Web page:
On Wednesday, a day before the one-year anniversary of the deadly attacks on its Paris headquarters, French satirical weekly Charlie Hebdo will release 1M copies of a special edition. The newspaper, which has never shied from unmasking intolerance, taking special aim at politicians and religious fundamentalists of all ilks, today revealed the provocative cartoon (see next page) that will run on the front cover. Under the line, “One year on, the killer is still out there,” is a drawing of a bearded man, representing God, on the move with a gun slung over his shoulder. Along with the special one million print run, tens of thousands of copies are to be sent abroad where support for the magazine was demonstrated from village squares to the red carpets of Hollywood.
On January 7 last year, Islamist militants stormed Charlie Hebdo‘s offices in the 11th arrondissement of Paris, killing 12 people in the resultant violence. The events led to two separate hostage stand-offs which left more dead. In the days and weeks following, support came from around the world as the “Je Suis Charlie” slogan went viral and sparked debate about freedom of the press.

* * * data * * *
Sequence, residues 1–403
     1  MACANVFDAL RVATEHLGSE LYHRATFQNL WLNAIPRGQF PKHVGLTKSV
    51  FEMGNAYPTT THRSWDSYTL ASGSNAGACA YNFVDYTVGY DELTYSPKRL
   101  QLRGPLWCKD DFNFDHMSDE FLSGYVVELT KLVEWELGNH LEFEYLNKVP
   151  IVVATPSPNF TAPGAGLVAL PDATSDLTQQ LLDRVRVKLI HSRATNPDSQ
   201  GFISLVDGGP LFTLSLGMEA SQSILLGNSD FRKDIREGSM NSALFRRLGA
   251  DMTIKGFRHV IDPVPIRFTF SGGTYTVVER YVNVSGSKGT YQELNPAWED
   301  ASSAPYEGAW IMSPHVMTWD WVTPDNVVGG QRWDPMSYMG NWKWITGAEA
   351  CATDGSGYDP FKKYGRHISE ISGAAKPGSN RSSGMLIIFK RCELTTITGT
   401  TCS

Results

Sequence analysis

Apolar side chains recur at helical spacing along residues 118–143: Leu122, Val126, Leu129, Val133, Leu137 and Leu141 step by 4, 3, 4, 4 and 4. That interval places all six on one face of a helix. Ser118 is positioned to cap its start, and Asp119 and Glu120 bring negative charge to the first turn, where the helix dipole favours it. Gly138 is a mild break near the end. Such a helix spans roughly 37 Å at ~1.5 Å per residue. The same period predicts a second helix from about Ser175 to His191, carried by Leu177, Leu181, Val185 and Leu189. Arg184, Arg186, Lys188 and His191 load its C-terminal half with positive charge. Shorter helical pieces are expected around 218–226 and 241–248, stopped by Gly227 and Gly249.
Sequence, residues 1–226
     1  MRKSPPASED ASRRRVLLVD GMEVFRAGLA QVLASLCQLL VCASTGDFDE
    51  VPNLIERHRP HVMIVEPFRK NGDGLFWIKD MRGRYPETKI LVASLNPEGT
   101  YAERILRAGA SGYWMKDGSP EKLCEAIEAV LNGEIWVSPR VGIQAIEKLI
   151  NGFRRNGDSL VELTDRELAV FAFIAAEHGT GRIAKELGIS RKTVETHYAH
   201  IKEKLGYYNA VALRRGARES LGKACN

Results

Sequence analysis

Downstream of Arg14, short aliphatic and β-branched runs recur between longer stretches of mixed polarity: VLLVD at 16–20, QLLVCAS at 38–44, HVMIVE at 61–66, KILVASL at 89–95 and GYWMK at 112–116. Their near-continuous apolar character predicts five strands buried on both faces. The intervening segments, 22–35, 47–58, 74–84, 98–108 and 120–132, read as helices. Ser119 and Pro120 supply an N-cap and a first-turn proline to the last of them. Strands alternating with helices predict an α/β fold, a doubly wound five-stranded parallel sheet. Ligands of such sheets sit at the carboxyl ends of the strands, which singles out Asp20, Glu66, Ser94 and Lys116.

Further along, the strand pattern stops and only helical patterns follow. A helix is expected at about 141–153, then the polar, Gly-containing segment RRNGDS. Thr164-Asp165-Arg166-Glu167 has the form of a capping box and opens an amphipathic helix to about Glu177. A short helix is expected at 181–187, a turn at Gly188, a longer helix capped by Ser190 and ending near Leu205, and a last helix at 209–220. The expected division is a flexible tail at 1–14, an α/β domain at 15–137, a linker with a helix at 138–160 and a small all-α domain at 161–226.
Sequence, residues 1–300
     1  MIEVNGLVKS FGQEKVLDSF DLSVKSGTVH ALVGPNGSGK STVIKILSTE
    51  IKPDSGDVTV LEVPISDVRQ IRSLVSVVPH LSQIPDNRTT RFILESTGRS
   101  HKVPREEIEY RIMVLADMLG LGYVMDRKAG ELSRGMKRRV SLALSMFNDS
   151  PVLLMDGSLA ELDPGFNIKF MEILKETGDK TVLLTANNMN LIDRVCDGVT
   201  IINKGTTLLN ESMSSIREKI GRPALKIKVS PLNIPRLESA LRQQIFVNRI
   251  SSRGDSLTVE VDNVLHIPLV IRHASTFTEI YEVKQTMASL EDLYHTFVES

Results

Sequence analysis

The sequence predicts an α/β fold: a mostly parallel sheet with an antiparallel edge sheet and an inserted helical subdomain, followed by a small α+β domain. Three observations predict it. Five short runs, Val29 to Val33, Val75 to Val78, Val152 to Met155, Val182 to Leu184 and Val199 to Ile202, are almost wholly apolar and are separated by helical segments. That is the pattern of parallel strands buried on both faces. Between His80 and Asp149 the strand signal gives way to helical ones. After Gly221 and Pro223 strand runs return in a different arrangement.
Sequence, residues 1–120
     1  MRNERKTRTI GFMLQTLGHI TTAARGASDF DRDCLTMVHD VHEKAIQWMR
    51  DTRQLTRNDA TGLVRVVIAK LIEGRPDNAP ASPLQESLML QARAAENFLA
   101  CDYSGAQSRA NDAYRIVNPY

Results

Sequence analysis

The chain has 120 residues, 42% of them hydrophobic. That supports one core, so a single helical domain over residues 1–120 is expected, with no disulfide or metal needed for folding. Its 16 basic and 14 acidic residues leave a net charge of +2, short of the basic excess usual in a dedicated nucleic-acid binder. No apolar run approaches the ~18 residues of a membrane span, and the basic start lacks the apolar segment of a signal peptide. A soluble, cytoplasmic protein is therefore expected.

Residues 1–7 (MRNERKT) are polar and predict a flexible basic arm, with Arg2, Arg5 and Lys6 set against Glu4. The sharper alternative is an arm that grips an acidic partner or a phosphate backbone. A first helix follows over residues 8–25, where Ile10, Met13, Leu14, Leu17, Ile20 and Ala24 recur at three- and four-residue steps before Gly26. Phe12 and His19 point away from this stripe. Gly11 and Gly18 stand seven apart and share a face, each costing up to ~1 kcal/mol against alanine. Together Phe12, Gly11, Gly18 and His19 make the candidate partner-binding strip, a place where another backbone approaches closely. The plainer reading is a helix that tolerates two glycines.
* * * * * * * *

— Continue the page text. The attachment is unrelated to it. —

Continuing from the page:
Last year’s post-attack issue of Charlie Hebdo sold out nearly 8 million copies in six languages. Cartoonist Laurent Sourisseau, who took over the management of the weekly in the aftermath, has penned an editorial for this week’s edition in defense of secularism.
The country has been on high alert since the more recent November 13 attacks in Paris which killed 130 people. Especially in light of that, French news reports say that soldiers will be out in force protecting official buildings and religious sites for the Charlie anniversary this week.
A memorial ceremony is planned for January 10 at the Place de la République.
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